Dr. Faraz Harsini–biomedical scientist and speaker at the 2023 Tampa Bay Veg Fest—remembers growing up in Iran, including a possible foreshadowing of his future activism, when participating in a student protest of the country’s leadership resulted in his being chased by someone wielding a machete. Harsini left the country at 22, recalling being mystified and mortified by the Iranian New Year’s tradition of displaying live goldfish, many of whom don’t survive. When designing a poster to protest the practice—this is while living in Germany—a friend observed the contradiction in his expressing love for the fish while still eating them. This swiftly resonated with him, prompting him to go vegan, and he recounts the impact of this friend’s observation like it was uttered yesterday. Meanwhile, he noted that in traveling his academic path (Bachelor’s in chemical engineering, Master’s degree in biotechnology and cancer research, PhD in Cell Physiology and Molecular Biophysics) his concern for animal welfare intersected with his studies and research, most prominently how certain diseases some cancers, Type 2 diabetes, heart disease—can be slowed, in some cases reversed, by following a plant-based diet. Harsini describes Allied Scholars for Animal Protection (ASAP), a nonprofit he founded and leads that supports college students who are committed to advocating for animal and environmental protection, public health, and other missions. He adds that ASAP has launched an initiative at Columbia University, urging the campus to become 100% plant-based. He offers a sneak preview of his then-impending Veg Fest lecture, bearing the provocative title, “Is The End Of Modern Medicine Near.” This followed an earlier moment of the conversation in which Harsini lamented that med school curriculum has generally not advanced when it comes to nutrition, neglecting to reflect the virtues of a plant-based diet. (https://farazharsini.com/, https://www.alliedscholars.org/, https://www.instagram.com/dr_faraz_harsini/, https://www.facebook.com/faraz.harsini)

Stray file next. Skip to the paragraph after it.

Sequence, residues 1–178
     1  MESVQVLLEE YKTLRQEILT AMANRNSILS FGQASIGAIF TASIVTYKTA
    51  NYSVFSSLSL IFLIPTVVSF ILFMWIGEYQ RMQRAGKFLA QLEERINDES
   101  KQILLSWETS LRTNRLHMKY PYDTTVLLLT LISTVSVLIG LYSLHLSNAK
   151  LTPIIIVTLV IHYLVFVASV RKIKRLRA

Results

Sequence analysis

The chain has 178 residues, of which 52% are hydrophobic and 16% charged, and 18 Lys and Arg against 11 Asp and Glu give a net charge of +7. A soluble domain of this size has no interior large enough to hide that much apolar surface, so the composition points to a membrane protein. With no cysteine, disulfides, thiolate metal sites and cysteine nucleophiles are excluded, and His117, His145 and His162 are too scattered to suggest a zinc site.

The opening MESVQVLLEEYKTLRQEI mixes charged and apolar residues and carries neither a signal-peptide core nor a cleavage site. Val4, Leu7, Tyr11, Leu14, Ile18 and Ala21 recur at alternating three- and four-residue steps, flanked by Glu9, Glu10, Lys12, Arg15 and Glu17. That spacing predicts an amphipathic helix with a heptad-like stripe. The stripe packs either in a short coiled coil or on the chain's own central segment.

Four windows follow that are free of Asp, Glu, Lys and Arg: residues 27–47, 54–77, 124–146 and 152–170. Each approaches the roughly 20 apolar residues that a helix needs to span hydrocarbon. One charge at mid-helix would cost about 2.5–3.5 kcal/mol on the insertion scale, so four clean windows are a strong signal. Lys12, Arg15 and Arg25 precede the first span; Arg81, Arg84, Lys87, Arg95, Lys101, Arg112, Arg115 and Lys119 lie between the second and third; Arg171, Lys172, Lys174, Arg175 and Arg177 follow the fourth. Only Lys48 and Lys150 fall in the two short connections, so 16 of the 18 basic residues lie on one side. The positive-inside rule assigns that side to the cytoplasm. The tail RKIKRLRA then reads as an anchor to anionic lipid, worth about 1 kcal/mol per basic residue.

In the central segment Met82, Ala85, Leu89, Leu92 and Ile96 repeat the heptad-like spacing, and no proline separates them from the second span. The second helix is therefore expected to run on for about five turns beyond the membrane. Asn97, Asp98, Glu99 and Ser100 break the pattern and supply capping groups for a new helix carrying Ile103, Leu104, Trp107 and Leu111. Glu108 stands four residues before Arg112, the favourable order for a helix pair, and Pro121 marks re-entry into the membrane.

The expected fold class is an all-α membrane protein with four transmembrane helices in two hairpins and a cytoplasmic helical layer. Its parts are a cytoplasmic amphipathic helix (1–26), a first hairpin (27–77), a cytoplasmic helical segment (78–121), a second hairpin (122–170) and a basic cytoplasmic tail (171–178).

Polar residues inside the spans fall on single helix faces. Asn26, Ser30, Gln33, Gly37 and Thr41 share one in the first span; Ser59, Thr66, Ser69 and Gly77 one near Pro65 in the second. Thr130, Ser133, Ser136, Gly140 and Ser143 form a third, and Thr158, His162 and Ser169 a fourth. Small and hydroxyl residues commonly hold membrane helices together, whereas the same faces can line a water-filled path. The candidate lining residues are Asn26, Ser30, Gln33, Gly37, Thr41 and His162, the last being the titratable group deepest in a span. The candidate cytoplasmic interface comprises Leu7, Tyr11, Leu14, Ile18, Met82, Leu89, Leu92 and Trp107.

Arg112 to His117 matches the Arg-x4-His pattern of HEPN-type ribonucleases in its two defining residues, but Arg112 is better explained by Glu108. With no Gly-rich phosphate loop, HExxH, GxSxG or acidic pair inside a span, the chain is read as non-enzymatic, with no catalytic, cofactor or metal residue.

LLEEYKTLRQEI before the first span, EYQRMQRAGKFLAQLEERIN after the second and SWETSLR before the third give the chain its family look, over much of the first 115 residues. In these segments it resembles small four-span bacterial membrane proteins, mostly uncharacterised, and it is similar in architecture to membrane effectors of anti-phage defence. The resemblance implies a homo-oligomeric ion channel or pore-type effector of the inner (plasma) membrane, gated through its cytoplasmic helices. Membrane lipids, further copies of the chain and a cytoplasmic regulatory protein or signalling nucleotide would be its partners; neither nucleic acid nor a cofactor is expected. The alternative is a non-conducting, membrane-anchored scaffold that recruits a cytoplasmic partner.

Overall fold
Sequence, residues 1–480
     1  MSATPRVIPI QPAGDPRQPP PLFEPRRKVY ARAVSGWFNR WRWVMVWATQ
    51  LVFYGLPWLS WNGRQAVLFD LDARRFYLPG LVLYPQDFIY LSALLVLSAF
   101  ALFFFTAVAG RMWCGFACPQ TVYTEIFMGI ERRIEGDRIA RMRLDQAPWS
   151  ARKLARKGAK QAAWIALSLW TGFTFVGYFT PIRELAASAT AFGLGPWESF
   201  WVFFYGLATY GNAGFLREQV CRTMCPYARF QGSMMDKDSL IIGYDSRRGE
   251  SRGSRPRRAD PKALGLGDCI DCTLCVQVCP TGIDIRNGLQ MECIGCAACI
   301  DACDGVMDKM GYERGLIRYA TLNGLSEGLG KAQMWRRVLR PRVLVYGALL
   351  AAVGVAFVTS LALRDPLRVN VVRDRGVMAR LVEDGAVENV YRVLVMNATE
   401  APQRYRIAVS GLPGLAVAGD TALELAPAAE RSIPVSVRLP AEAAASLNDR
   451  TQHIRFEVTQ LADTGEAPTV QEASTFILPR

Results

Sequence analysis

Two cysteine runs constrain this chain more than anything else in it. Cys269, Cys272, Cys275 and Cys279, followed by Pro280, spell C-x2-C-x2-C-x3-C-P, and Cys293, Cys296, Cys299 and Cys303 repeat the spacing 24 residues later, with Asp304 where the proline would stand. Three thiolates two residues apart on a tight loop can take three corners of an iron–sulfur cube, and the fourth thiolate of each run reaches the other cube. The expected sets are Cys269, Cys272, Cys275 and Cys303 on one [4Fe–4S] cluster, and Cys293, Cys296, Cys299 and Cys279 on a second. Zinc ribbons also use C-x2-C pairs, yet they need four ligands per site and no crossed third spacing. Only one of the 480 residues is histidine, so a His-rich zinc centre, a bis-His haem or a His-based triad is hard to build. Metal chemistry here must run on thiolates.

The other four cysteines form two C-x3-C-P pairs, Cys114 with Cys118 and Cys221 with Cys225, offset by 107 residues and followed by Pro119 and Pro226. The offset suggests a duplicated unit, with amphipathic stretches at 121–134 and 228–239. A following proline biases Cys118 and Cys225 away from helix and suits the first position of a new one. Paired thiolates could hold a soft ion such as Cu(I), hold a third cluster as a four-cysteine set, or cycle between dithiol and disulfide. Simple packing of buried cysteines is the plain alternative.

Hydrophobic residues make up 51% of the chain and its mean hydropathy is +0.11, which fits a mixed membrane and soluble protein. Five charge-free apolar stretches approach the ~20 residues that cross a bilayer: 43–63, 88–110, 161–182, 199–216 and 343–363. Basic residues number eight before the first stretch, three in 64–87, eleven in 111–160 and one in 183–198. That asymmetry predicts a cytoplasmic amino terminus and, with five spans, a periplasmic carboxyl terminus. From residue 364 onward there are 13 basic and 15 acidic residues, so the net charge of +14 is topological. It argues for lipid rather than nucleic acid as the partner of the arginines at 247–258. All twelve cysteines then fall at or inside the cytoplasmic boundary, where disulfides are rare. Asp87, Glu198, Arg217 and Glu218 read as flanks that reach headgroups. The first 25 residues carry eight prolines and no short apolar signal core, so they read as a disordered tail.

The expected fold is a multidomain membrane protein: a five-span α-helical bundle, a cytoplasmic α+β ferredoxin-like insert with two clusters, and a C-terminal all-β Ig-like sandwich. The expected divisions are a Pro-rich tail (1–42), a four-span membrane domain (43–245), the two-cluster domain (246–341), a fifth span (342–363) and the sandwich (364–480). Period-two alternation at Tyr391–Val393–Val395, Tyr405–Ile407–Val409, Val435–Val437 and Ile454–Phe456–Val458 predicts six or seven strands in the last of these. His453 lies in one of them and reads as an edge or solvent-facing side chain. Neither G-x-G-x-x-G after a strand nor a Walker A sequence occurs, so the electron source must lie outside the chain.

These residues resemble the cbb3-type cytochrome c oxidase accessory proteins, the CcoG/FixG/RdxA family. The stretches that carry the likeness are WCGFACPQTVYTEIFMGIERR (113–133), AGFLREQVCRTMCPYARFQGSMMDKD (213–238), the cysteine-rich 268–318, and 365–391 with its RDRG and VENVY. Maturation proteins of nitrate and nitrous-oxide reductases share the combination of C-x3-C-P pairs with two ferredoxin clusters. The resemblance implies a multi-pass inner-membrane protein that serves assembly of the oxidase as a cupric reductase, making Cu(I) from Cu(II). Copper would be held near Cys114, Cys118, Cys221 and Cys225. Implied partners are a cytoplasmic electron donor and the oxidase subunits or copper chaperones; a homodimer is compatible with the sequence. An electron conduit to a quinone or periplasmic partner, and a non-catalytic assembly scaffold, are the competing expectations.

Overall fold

ALSO: I spoke briefly with Myriam Parham, one of the organizers (and co-founders) of the Tampa Bay Veg Fest, who provided an overview of the event to be held Saturday, Nov. 4, including noting this year’s Fest will feature upwards of 100 vendors—including many offering an array of food and drink—as well as a handful of cooking demonstrations. Parham notes that, per tradition, there will also be free food samples. She also touched on a reception-cum-fundraiser the night before, a new and multifaceted event that raised a considerable amount of money for two local organizations, Compassion Kind and Mercy Full Projects (whose founder, Aja Nikaya, was recently named Best Activist in Creative Loafing’s “Best Of The Bay” awards.) Parham pointed out that there would be live music, played by local musicians, as well as a varied slate of speakers, including Dr. Harsini, whom I’d just interviewed on the show. (http://www.tampabayvegfest.com/, https://www.compassionkind.org/, https://mercyfullprojects.org/)
COMEDY CORNER: Hari Kondabolu’s “A Vegan Long Con” (https://harikondabolu.com/)
MUSIC: Rebekah Pulley’s “Talking Animals Theme,” instrumentals
NAME THAT ANIMAL TUNE: We didn’t play “Name That Animal Tune” today.
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